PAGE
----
After treading the soft sand, one can enter the clear water and feel the cold flowing Yamuna. Looking around, standing besides the vegetable farms amidst the pollution free air, one can soak in the absolutely relaxing sight, a boon for a stressed city slicker. At times, one can even catch a glimpse of fresh catch by fishermen returning in their traditional wooden boats.
No, this is not a description of a camp by a Himalayan river. It is very much a part of the megalopolis Delhi. Jagatpur in north Delhi gave an “unexpected” “can’t believe we are in Delhi” feeling to most of the Yamuna Katha members and other yatris.
|Yamunabank in Jagatpur|
Exception was Chhote Khan, a 32-year-old farmer who lives on the Yamuna floodplains almost six months a year. His large joint family stays near Shashtri Park on the eastern bank of Yamuna. “We call her Jamunaji.”
Every member of his family is associated with Jamunaji in some or the other capacity, most of them in agriculture practice. Just like that at Jagatpur, Chhote’s family too has 35 bighas of land on lease.
“We go there to stay on the very next day of Diwali. We live in temporary houses. We stay there till minimum June 15, a designated date after which the authorities can release water upstream without warning,” he informs.
Akansha Dwivedi, 23 and Arun Raj, 23, both volunteers of the NGO Force, are working on a campaign called ‘blue city campaign’. They had joined the Yamuna Katha yatris for a day for the Jagatpur visit. Even after several minutes of reaching Jagatpur, it was a bit hard for Arun to actually believe that he was in Delhi. “After knowing filthy areas such as Nigambodh ghat and Okhla barrage, this is simply wonderful. This place was unknown to me earlier.”
|Akansha Dwivedi and Arun Raj, volunteers of the NGO Force in conversation with Germans|
Then there was female elephant Rupa joining the team at the riverfront. Rupa’s mahaut Akram Khan has been tending the animal for last 2-3 years. Before too Akram was into keeping elephants. “Elephants can recognize humans with smell. Just by smelling, an elephant can know if the mahaut has handled any elephants.”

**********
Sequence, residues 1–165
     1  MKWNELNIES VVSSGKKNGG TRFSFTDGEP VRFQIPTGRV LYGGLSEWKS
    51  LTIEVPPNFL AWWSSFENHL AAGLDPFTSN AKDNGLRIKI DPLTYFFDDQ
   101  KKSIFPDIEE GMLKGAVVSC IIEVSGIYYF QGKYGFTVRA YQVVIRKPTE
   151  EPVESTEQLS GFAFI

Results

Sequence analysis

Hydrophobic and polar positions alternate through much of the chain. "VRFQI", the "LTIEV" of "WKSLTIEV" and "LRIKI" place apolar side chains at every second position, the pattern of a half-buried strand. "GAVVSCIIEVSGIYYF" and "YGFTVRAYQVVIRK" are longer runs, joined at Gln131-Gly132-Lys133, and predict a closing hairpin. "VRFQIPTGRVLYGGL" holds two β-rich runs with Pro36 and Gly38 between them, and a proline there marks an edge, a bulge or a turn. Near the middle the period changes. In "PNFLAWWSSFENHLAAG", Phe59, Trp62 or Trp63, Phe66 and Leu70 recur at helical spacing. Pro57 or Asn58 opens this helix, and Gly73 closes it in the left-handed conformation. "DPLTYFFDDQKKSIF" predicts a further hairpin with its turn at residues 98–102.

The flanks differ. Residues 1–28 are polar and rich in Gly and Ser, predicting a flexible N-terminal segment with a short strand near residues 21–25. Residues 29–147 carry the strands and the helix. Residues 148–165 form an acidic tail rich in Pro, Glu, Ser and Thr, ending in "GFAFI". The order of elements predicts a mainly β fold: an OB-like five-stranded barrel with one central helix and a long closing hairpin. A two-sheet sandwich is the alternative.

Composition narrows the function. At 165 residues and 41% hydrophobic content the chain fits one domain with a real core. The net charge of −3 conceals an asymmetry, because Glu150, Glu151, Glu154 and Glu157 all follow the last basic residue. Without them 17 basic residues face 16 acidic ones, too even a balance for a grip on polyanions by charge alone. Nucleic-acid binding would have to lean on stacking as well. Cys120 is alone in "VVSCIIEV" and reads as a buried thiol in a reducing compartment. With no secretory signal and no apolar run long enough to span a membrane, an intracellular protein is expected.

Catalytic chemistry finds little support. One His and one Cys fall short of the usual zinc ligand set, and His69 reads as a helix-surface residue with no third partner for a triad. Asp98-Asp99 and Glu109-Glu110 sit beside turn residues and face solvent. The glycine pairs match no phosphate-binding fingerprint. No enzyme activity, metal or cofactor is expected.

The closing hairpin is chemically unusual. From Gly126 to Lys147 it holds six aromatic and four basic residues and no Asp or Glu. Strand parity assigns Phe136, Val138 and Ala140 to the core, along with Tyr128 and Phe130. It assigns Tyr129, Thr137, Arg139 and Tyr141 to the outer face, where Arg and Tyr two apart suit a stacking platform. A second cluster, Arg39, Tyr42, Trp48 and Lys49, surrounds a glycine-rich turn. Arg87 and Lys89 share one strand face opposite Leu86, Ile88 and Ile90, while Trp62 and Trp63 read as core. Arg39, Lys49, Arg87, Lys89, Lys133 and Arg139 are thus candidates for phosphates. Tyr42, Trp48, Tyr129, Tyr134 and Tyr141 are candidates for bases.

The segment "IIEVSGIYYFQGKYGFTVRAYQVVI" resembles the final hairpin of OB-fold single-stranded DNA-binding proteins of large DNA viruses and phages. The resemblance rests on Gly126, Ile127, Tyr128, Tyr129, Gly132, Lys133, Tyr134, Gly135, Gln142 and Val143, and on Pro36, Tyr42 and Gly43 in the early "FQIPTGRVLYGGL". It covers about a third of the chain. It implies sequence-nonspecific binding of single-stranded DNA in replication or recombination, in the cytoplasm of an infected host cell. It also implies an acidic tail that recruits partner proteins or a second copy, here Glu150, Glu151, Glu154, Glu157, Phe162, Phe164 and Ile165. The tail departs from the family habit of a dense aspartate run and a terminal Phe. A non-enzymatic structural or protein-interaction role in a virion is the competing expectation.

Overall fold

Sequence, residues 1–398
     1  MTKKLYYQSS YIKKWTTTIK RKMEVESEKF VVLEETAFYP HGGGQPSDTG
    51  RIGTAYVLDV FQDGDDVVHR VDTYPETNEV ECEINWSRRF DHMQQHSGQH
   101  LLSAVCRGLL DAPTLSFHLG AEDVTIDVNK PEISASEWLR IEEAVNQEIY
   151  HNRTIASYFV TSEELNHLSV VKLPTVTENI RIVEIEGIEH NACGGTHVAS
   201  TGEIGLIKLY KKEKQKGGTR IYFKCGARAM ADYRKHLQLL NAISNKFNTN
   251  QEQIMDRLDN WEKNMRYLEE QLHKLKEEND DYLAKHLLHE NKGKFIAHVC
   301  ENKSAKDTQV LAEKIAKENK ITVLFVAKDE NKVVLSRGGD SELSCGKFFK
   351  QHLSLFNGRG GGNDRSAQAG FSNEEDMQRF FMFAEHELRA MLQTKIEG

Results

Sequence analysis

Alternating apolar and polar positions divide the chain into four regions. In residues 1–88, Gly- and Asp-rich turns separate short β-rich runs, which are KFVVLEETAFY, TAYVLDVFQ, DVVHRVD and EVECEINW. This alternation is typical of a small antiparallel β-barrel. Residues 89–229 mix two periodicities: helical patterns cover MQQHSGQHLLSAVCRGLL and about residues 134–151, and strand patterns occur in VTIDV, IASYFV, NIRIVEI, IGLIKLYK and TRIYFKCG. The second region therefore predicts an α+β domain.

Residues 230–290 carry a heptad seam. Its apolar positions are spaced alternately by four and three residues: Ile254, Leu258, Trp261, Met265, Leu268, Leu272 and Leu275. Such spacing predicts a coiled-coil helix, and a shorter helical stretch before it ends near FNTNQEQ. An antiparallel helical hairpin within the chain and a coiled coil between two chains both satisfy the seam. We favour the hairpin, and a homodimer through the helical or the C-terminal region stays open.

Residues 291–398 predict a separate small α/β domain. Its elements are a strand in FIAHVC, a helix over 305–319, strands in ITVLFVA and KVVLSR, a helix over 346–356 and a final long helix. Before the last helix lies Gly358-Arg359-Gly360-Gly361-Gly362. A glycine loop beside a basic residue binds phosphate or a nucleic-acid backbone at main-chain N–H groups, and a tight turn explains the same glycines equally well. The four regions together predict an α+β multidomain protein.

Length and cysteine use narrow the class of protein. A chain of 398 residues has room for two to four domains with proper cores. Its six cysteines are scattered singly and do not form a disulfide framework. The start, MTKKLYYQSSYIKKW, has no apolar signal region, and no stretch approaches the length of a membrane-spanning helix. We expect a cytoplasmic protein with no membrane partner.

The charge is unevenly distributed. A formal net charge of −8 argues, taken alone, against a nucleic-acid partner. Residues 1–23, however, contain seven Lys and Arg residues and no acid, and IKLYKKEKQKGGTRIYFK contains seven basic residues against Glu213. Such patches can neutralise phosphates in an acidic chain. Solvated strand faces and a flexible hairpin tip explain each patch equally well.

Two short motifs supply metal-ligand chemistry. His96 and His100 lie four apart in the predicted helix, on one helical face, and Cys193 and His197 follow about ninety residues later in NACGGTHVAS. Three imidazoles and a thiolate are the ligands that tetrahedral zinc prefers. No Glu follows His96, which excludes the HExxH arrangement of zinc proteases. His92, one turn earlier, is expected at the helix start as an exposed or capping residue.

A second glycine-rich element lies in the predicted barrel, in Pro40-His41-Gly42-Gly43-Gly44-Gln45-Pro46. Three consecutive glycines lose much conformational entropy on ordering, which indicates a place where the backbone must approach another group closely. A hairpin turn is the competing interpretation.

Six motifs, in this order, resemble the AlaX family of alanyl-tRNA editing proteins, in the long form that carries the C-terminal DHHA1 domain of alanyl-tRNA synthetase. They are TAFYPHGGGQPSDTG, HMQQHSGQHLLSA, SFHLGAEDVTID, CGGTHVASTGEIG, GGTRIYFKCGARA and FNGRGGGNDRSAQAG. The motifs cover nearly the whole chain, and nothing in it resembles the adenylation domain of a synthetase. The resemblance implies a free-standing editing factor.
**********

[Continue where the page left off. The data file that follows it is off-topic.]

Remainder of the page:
|Elephant Rupa getting make up|
Rupa’s owner is Zahid Ahmed. Handling elephants is akin to handling humans. They have emotions. Few are good and few are stubborn, just like brats. But all said and done, it is Rupa’s “simplicity” what Zahid likes the most.
The almost virgin riverfront offered several other “new” things for the majority of Yamuna Katha group as coming from urbane conditioning, fishing, livestock and farming were novelty for them. The riverbank also offered a series of photo opportunities for the shutterbugs.
First came a bunch of fishermen carrying a newly painted wooden boat to be tried in water. While they were readying the boat, came along another boat with 5-6 fishermen readying for embarking on a fishing expedition upstream of the Yamuna. Bhola Kashyap, resident of the Okhla ghat who has fishing trade license, immediately took charge.
One by one, Bhola showed the catch, told names and USP. He also regaled the members with fishing expedition anecdotes. But nobody was quite prepared to witness a herd of buffaloes, blowing dust on their way towards water, gently sliding into the water and swiftly swimming to the riverine island. The buffaloes from Jagatpur village swim to the islands every morning and come back the same way every evening.
|Local fishermen catching fish in Yamuna|
After much frolicking and fun time, several team members went for a walk along the Yamuna. On one side was the water, waves gently lapping the sandy bank, and on the other side was large swathe of agriculture farms with a variety of vegetables grown.
Chhote continued to inform: Tori, Ghiya, Karela, Kheera, Tomatoes, Kharbuja and Tarbuja are the commonly grown things on the Yamuna floodplains. “Vegetable farming is a gamble. There is no guarantee that the return on investment would be complete,” the barely literate Chhote – who claimed to be a brat in school days and hence did not study much – said in what was a practical wisdom backed statement. True, as unseasonal rains frequently wash away the agriculture crop.
Generally farmers tilling the Yamuna floodplains go in for three sowings. Then, whichever is ready first, will be take out.
“Whatever it may be, but always the first offering will be given to Polbagh dargah. Nobody knows exactly where but it is believed it is inside the Yamuna somewhere. It is also called Khwaja Khadar, a dargah deep inside the Yamuna,” he said. All Muslim families will offer chawal ki kheer (rice pudding) to this dargah.
Chhote kept on comparing farming at Jagatpur with that near his place while Bhola rued the absence of such practices near Okhla, simply because the riverfront is encroached and the water too toxic.
However, unlike earlier times, when they planted tarbuja and kharbuja, it is stopped now for almost two decades. “These plants tend to soak in high toxins.” The farmers dug bore wells into the river bed for drinking and agriculture needs.
After the walk, everybody proceeded for the next halt Ramghat, just north of Wazirabad. Team members mingled with each other over the delicious lunch.
The ghat (stepped embankment) was another out-of-Delhi experience for the Yamuna Katha team, which had several German nationals too. The waterfront was so similar to a rural ghat. “Why didn’t we know these wonderful places earlier?” was a question on everybody’s lips as they departed for the next stop.